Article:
And if you are wondering when exactly the She Shed makeover will be complete, we had a small setback this weekend because I ordered the wrong legs for the units (oops!) but it should be finished next weekend…

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DIY Poundland bird feeder

DIY Poundland bird feeder

by Clare Mansell

We’ve never been particularly successful feeding the birds in our garden until recently. Theo went to an activity morning at a local organic growers over Easter and came back with a simple pinecone bird feeder and decided he wanted to hang it in a totally different spot in the garden to our other bird feeder. Within hours the local blue tit population had made it their favourite new feeding spot and we had to go out and buy a peanut feeder to keep it company.

When the pinecone feeder was empty, Theo wanted to make another, but really you need open pinecones for the idea to work best and the ones that are around in spring are tightly closed, so we started looking for other things to use.

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This DIY project uses a tealight holder from Poundland which can be washed and reused when the birds have emptied it. Great fun to make and so far quite popular with the birds too. Poundland also sell bird seed and you can get vegetable suet from any supermarket. It doesn’t need to be refrigerated and has a long shelf life.

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Making the feeder is a perfect messy hands on job for kids and is best done outside where any wasted ingredients will get eaten up and don’t have to be swept off the kitchen floor! Simply combine the suet and seeds in a bowl…

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Squeeze the combined suet and seed mix together into clumps and stuff into your tealight holder…

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Find a sturdy stick from the garden and push it through the feeder to provide a perch for birds. If you live in a windy spot, you might want to replace the string that holds the feeder with a bit of garden wire so that it doesn’t spin around too much in the breeze.

After hanging it in place you need lots of warm water and soap to clean up those suety hands!

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If you follow this tutorial please let me know, I’d love to see your feeders.

PS –  please be aware if you reuse your feeder it is recommended that you wash it outside so you don’t introduce germs in to your house.

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Peek-A-Boo Pin Cushion Tutorial

Peek-A-Boo Pin Cushion Tutorial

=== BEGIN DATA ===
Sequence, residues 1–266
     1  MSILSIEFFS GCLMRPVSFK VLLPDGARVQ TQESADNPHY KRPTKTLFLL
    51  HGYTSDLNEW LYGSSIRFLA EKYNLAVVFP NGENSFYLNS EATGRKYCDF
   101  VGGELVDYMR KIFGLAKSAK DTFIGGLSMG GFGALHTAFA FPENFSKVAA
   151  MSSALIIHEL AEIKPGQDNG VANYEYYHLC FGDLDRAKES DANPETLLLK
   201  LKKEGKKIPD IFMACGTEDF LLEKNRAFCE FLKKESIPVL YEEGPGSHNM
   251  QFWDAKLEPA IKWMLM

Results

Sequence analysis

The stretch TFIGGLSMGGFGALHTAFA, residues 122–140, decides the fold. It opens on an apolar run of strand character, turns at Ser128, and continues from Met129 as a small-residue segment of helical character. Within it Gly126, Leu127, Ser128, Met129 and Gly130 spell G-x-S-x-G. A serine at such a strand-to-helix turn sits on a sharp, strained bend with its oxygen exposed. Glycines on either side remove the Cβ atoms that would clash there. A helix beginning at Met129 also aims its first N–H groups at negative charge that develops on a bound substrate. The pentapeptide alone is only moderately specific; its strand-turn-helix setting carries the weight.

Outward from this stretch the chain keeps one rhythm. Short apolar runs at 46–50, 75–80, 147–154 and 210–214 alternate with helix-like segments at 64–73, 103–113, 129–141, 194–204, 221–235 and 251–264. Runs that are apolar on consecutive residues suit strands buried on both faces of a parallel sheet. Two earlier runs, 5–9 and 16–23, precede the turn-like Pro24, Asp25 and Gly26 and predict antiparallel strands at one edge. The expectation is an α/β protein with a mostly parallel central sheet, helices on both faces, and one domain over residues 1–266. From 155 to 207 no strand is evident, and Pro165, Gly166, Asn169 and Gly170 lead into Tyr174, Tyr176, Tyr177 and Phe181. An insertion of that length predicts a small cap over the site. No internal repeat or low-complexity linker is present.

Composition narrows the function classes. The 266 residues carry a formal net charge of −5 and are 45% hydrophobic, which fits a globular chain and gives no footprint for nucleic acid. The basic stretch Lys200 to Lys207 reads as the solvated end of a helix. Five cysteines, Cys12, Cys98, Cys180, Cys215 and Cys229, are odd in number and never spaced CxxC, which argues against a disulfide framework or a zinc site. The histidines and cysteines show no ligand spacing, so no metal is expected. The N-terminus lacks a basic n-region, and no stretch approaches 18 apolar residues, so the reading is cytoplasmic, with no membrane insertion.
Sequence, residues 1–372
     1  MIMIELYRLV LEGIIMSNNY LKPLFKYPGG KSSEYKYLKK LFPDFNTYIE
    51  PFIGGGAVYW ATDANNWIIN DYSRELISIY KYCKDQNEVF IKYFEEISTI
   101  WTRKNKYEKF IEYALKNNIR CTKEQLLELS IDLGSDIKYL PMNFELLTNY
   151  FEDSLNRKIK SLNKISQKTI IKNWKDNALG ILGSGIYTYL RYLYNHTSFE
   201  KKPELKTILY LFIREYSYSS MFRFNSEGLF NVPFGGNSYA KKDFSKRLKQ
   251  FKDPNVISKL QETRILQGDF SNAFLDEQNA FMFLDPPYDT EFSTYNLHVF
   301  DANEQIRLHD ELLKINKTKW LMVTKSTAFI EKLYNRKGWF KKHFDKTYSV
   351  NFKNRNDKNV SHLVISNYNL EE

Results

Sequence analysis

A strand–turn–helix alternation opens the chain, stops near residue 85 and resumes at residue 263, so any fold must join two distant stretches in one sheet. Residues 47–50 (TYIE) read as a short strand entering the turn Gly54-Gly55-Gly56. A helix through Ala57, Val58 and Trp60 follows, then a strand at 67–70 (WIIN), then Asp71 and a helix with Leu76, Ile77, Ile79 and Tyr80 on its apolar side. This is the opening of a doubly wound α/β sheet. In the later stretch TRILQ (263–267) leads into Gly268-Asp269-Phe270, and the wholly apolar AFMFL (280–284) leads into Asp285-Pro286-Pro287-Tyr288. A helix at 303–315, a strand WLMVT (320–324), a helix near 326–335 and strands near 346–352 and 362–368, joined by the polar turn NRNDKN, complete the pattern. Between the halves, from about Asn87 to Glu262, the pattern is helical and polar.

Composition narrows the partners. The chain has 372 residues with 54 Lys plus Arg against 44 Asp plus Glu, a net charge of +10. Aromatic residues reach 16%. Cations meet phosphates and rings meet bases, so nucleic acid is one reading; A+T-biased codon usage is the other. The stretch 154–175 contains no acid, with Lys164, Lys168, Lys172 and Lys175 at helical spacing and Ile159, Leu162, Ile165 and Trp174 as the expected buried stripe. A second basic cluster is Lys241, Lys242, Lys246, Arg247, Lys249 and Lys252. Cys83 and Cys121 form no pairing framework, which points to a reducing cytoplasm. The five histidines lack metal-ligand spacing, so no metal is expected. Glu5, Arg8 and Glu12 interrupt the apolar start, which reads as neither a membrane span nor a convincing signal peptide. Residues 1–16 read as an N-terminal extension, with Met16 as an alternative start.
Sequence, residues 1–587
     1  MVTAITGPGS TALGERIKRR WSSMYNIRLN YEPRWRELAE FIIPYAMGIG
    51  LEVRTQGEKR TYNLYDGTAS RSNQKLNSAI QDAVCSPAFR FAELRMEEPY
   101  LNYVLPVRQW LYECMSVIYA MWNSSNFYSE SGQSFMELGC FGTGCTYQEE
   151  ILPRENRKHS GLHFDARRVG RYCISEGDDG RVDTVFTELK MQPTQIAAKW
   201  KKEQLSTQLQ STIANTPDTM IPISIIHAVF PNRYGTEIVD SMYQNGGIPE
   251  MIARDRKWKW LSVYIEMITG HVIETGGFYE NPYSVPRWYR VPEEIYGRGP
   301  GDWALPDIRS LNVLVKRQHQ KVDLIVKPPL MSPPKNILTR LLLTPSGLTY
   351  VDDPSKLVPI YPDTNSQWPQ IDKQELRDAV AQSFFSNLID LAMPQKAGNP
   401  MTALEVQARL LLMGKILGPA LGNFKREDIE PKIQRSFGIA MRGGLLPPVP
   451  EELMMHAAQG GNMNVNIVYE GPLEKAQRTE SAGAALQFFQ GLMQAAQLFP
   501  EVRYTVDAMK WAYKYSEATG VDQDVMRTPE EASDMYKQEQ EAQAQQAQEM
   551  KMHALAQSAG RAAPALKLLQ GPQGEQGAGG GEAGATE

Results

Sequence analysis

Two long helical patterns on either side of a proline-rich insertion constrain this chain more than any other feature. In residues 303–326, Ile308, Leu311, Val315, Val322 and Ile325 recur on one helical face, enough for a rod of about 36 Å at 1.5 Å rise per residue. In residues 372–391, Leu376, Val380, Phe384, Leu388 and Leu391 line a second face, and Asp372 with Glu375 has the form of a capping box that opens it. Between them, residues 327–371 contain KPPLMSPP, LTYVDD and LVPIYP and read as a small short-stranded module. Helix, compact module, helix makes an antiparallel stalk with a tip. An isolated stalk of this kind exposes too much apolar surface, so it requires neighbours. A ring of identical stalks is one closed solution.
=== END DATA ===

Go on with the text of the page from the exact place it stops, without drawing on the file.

by Clare Mansell
peekaboo tutorial

My partner on the PillowTalk swap on Flickr asked for circles to be included in her cushion design and so I have spent a bit of time over the last couple of weeks experimenting with circles. Last night I also made her a pin cushion to match in the same style and decided to turn it into a tutorial. This is actually my first tutorial so all feedback will be much appreciated…

What you need. Fabric for your fussy cut centre, fabric for the middle circle, fabric for the pin cushion front and reverse as well as a pen/pencil/marker and two different size circles. In this instance I used the top and bottom of a glass bowl. The key to it all is that the smallest circle needs to be the same size as the area of fussy cut fabric that you want to show through.

Start by cutting two squares of your middle fabric, and place them right sides together. The size of your fabric will depend upon the size of your smaller circle.. Allow the top fabric (wrong side up) to be about an inch wider all round than your circle template and the fabric beneath (right side up) to be about two inches wider.

Then sew the two layers together by sewing around the circle you have drawn.
Next cut a hole in the centre of your circle going through both layers.
And take the middle out of the circle leaving about a quarter of an inch margin between the hole and the stitching   

Snip around this quarter inch margin circle being careful not to cut through the stitching of the circle.
Pull the smaller piece of fabric through the hole and onto the wrong side of the larger square
 
Once it is pulled through, iron in position. (I repeat this step with the red fabric further down which may make it clearer)

Place the square right side up on top of the fussy cut fabric, position and pin in place.

Then top sew around the circle close to the edge.

Next check the size of your larger circle by placing your template on top of your middle fabric. You can see here that this shows how much of the cream fabric will show through at the end.

Once again cut two squares of fabric (the larger of which will be the size of your pin cushion) and place them right sides together with your larger circle template on top. I don’t bother to accurately cut the fabric at this stage, as all the stitching, pulling and ironing tends to warp it out of shape. It’s easier to do it roughly and then trim when that bit is done. 
Sew around your circle and cut the middle out.
Pull the fabric of the smaller square through to the wrong side of the larger square
Turn over and pin the top layer to the middle layer (with fussy cut fabric attached)

Top sew around the circle on the top layer, attaching fussy cut layer + middle layer to top

Trim the top layer down to a neat square/rectangle and cut a piece of the bottom fabric to match. Place right sides together and sew the back to the front leaving a gap of a couple of inches in one side to allow you to turn it inside out and fill it. Then trim the corners off.
 Using the gap you left turn the pin cushion out.
Stuff with a filler of your choice and hand sew up the gap.
Ta-dah! One pin cushion. You can also use this principle for larger cushions or indeed quilt tops. Let me know how you get on or if anything isn’t clear.
 PS – I would like to make it clear that yes, I am wearing an apron in these photos and no I don’t normally wear it to sew, but I was multi-tasking and baking bread at the same time.. Must sort out my sewing wardrobe next time!